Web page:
Beef Talk: New things are happening, so stay tunedIs the subject of animal identification still relevant? The thought behind the comment was the news that the U.S. Department of Agriculture was not going to pursue an animal identification system.
By: Kris Ringwall, NDSU Extension Service, INFORUM
Is the subject of animal identification still relevant? The thought behind the comment was the news that the U.S. Department of Agriculture was not going to pursue an animal identification system.
That is a very good question from the haze of the debate over animal identification. Sometimes, the basic reasons why the debate was initiated are lost. The point remains that, regardless of the reason, cattle are not always very easy to tell apart. Therefore, the concept of an ear tag, ear notching, brand or some other distinguishing mark has been around for a long time.
Throughout the centuries of working domesticated cattle, the archives are full of people who have contested the ownership of a certain set of cattle.
Historically, these would be neighbors or people in proximity to each other trying to keep their herds straight. With the exception of cattle rustlers, the process would be sincere and well-intended.
Not until recent times has the cattle business been asked to account for comingled lots of cattle. These are cattle not comingled among neighbors, but literally among people living in different countries. That is a change.
Regardless of how one feels about identification processes, there is a real need to keep track of cattle as they are shifted or moved throughout the industry.
I am reminded of the meaning of a handshake in the beef business. A handshake means thank you or good luck (or many other unspoken greetings) and serves to consummate communication that seals the deal.
Again, historically, the business side of the beef business has been fairly simple. The paperwork is not excessive. Excellent sales personnel listen, note the situation and close the deal, not with a pen, but with a gavel, a nod and a twitch of the forefinger. The freshly sold calves or cows are repenned, loaded and hauled the length of the highway with the ink still in the pen. The industry demands the trusting nod and a producer's handshake.
However, times have changed and so have expectations in the beef industry. Those standard-looking cattle are now cookie-cutter images of lots of cattle. Trying to eyeball a set of previously owned cattle among a sea of predominately black or red cattle is impossible. We often ponder why all the black cattle, but black is a dominant color in cattle, and once the black gene is introduced into a line of cattle, the uniqueness of color disappears fast.
The other color that travels with the black gene is red. Although genetically recessive to black, if selected for, establishing the red color is fairly simple. Essentially, the second base color for cattle is red and once bred into a herd, the cattle will be red. With the exception of a few marking, dilutor or modifying genes, it is impossible to produce very unique-looking cattle that are one of a kind.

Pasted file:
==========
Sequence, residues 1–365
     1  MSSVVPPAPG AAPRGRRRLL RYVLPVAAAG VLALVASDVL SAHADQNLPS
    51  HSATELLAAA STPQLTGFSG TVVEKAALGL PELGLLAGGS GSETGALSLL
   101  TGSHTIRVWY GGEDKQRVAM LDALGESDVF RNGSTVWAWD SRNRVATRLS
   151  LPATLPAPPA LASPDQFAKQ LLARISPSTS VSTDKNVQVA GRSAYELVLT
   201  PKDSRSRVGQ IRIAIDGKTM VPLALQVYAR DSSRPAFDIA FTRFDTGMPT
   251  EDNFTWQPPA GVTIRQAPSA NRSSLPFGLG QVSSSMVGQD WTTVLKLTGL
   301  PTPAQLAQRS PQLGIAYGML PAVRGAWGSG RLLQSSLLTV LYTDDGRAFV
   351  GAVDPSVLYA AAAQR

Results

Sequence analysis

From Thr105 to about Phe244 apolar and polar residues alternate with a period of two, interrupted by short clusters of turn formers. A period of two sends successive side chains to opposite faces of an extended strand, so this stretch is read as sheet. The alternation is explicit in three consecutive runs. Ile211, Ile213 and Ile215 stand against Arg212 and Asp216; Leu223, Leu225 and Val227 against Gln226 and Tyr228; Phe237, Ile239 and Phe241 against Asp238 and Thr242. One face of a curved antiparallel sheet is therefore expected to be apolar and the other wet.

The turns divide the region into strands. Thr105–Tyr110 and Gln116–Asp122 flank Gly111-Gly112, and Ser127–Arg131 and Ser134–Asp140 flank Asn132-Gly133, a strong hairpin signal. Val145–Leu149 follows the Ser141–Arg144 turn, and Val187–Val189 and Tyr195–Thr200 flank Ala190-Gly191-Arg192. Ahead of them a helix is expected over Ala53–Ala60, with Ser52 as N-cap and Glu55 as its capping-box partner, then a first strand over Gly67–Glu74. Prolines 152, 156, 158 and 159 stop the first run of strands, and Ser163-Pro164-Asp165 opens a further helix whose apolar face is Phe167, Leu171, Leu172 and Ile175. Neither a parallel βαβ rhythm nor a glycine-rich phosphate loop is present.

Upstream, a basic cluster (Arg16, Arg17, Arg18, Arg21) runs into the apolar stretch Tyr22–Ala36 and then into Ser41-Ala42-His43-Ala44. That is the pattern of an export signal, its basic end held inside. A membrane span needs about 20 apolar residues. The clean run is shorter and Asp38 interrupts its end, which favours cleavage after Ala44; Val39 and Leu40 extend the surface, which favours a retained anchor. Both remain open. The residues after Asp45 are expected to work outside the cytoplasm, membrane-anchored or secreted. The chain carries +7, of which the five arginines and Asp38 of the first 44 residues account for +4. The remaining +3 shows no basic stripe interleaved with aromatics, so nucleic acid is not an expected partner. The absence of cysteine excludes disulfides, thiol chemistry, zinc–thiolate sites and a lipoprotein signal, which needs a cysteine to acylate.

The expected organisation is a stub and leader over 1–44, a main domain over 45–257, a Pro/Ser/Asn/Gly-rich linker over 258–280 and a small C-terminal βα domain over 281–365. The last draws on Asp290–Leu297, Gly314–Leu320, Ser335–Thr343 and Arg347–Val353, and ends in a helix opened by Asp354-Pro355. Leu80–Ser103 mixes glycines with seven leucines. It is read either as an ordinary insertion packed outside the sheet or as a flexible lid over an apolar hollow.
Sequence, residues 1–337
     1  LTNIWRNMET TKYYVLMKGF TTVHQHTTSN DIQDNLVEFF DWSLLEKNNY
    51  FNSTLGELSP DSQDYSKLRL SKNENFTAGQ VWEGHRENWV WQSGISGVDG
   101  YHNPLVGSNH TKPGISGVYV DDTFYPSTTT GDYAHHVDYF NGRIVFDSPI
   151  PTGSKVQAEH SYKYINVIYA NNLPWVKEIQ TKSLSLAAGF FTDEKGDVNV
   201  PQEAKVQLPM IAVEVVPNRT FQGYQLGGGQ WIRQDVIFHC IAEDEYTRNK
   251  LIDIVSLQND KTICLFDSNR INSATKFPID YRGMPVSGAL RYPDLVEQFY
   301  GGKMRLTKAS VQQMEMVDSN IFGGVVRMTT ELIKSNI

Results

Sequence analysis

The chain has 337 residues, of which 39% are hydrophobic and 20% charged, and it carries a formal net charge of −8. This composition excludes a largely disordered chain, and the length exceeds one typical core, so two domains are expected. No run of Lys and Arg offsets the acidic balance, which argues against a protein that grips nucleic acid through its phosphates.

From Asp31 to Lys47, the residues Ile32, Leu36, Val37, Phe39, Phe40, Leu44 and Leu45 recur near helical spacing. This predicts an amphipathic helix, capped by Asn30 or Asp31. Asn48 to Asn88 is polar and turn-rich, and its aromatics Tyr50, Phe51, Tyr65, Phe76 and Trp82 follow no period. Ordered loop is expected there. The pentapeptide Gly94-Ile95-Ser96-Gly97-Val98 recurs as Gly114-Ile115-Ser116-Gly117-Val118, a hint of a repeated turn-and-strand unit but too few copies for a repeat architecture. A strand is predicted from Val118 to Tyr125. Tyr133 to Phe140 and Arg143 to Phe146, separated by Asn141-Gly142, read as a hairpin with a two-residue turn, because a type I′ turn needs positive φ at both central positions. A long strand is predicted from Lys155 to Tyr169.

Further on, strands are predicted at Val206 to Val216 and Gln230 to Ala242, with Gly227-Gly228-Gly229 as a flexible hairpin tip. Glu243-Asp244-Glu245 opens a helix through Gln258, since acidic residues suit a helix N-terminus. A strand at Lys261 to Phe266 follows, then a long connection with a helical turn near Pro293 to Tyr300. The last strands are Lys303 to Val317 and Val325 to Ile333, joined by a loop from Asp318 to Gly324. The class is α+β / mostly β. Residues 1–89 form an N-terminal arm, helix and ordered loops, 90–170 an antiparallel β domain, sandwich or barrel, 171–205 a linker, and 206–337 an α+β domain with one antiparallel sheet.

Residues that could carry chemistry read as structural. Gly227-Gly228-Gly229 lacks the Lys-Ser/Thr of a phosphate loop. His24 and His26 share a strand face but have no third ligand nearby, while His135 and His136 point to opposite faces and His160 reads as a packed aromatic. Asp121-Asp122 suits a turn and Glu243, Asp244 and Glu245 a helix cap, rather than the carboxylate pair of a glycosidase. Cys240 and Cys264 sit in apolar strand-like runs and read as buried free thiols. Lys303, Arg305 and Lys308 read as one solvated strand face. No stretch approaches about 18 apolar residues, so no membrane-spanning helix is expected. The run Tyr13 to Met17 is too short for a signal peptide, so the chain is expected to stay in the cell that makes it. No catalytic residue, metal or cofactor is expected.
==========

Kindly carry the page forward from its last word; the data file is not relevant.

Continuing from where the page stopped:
With that in mind, we tag, brand or mark the cattle. To make matters even more difficult, we pride ourselves on uniform lots of cattle. In the ideal world, they should all look alike, but that is where the problem lies. All those cattle that have the same phenotype may have radically different genotypes. To make matters more difficult, the consumer is asking for some level of assurance that what is offered for sale not only has the traits we easily can see, such as color, but also has an established level of acceptance for traits that cannot be seen.
For instance, eating quality, palatability and perhaps a little production history may be asked for as the cattle are sold. To ratchet things up a bit more, the question is increasingly not about program or industry standards, but about the individual animal. That is where the challenge begins.
Most days, it's just the producer "choring" the cows just like the cows have always been "chored" and probably always will be as long as cows are cows.
Producers get to know the cattle and the cattle get to know the producer. This creates a feeling of good sense that is at the heart of every talented cattle producer.
But the challenge remains. How does one communicate that "good sense" to an ever widening consumer base that is no longer local, but literally worldwide, and do it with the twitch of the finger and pounding on the gavel?
Yes, animal identification is very relevant. New things are happening, so stay tuned.
May you find all your ear tags.
Your comments are always welcome at http://www.BeefTalk.com.
For more information, contact the NDBCIA Office, 1041 State Ave., Dickinson, ND 58601, or go to http://www.CHAPS2000.com on the Internet.
Ringwall is a beef specialist with the NDSU Extension Service.